“Fear” by Stephen Volk

While he’s primarily known for his work in films and television (Ghostwatch, Afterlife, Gothic), Stephen Volk is also one of the horror genre’s masters of the short form, with stories such as “After the Ape” and “In the Colosseum” among my very favourites of recent years. He writes a column for Black Static but this short from #9 is the only time that his fiction has graced the pages of the magazine.

And the first thing that needs to be said, is that it’s not quite like anything else I’ve read by Volk (and his work runs all the way from traditional Jamesian ghost stories through to something like “In the Colosseum”, which is bloody enough to give a splatterpunk pause, so he’s not a writer it’s easy to categorise, instead going wherever his muse leads him). Set in medieval Japan, it reminded me of nothing so much as Dunsany’s elegant concoctions and the occasional ventures into ‘chinoiserie’ found in Bradbury’s back catalogue, but here given a much darker hue.

The town of Orobi is besieged by ghosts, and so the Emperor sends Hojo, a samurai regarded by his peers as fearless, to get to the bottom of things.

Hojo the Fearless is an arrogant man, rather vain with regard to his reputation for courage. Upon arrival he mocks the townspeople for their cowardice – ‘”Does not even one of you know what these creatures you are so afraid of even look like?”‘ – and for their superstition, the belief that anyone who sees the ghosts will go mad.

But as the days unfold, the reality of Hojo’s situation becomes apparent. The townspeople continue to disappear from their beds, taken by the ghosts, but Hojo is never able to confront the enemy he has come to vanquish, possibly because the patrols he is so diligent about conducting never take him any further than to the windows and rooftop of the house where he is staying.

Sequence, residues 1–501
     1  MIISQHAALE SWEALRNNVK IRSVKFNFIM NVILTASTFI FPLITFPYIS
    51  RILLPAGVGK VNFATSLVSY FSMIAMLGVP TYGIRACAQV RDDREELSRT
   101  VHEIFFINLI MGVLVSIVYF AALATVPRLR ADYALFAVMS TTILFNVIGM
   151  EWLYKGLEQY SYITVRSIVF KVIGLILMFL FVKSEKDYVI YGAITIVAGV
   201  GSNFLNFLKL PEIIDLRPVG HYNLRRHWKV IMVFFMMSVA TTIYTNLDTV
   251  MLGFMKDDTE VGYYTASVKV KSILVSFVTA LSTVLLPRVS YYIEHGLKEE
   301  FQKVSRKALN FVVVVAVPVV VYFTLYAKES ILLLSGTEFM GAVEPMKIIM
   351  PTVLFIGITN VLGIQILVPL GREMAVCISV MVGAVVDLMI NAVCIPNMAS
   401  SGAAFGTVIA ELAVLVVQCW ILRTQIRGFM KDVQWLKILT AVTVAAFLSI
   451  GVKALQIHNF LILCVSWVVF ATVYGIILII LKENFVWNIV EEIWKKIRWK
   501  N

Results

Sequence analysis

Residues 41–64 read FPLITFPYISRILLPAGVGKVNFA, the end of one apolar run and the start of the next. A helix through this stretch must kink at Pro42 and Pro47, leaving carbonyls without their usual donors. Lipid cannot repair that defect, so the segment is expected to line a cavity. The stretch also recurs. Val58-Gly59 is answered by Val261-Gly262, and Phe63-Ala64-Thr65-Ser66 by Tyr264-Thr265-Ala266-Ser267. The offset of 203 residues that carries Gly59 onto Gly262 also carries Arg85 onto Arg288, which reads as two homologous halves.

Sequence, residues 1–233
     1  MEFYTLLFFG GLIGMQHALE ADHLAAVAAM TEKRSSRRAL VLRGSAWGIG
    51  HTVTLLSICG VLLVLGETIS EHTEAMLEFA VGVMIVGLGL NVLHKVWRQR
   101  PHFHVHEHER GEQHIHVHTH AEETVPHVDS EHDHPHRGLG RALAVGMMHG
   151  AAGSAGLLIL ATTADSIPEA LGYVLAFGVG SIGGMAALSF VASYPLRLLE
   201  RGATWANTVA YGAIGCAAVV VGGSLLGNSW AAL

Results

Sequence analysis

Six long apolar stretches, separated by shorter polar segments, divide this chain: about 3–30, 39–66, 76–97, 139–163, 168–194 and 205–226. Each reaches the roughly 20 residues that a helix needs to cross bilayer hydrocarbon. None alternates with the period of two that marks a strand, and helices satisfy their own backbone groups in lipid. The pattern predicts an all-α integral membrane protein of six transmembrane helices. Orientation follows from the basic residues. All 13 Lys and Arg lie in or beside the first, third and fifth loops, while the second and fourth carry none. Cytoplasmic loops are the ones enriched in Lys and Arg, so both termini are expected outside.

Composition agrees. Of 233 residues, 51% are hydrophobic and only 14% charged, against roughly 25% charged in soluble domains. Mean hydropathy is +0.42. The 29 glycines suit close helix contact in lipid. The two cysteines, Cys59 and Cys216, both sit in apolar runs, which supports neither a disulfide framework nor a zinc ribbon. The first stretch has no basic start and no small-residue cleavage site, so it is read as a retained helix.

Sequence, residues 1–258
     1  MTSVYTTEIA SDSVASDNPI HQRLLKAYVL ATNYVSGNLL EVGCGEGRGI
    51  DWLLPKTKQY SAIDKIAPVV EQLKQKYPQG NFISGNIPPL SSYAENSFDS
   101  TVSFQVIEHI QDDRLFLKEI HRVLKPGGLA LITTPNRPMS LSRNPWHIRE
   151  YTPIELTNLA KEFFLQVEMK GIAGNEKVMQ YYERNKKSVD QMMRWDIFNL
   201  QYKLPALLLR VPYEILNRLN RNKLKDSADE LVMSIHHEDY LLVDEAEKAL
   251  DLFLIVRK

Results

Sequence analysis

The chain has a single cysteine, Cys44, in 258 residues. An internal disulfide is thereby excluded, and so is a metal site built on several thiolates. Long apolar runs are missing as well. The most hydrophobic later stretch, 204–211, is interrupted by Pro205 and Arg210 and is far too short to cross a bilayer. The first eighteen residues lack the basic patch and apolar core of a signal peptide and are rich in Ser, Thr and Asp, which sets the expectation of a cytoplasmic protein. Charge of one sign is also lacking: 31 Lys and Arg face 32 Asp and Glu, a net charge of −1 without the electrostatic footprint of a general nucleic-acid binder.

Deprived of battle and a chance to prove his bravery, the samurai gives himself over to imagining what the foe might actually be like, and to take precautions against them based on his preconceptions. The ghosts will be slimy to the touch, and so he acquires metal caps for his fingertips so that he need never touch their skin. Perhaps their screams will send men mad, and so he ties cloth pockets over his ears. And so on.

And yet we wonder at the samurai’s motives. Are the cloth pockets really to block the ghosts’ screams, or simply so that he needn’t hear any cries for help in the night, and so feel compelled to run to the aid of anyone attacked? Is the way in which Hojo trembles really due to the cold, to combat which he gets a black bear fur coat, or something else entirely? When push comes to shove, how brave is Hojo the Fearless? Beneath that bluff exterior, is he every bit as superstitious as the townspeople whose fears his reputation compels him to deride?

When he stitches his eyelids open to prevent sleep we realise that Hojo has gone mad, and there is further body mutilation to come. The man of action, deprived of any tangible enemy, has been undone by his own imagination and increasingly desperate attempts to convince himself that he is not afraid.

The end when it comes, the longed for confrontation with the ghosts, is the realisation of all Hojo’s worst fears, his nightmares come true and given a form.

Underlying this tightly written fable, one in which repetition and pattern are used to compelling effect, is a subtext along the familiar lines of ‘the only thing we have to fear is fear itself’. Hojo knows how to defeat a physical enemy, how to hack and thrust with a sword, but this bluff man of action is simply not equipped to deal with the terrors of the ‘metaphysical’ world. His imagination is a tool he has put to little use, and so now when, spurred into motion by inactivity and the fears of the townspeople, it is given free rein, Hojo finds that it uses him rather than the other way around.

He cannot make an accommodation with his inner demons, this man of whom it is claimed that he has never known fear and whose sense of self is built around that fact, and so they tear him apart.

In attempting to maintain his self-image as Hojo the Fearless he is entirely undone.

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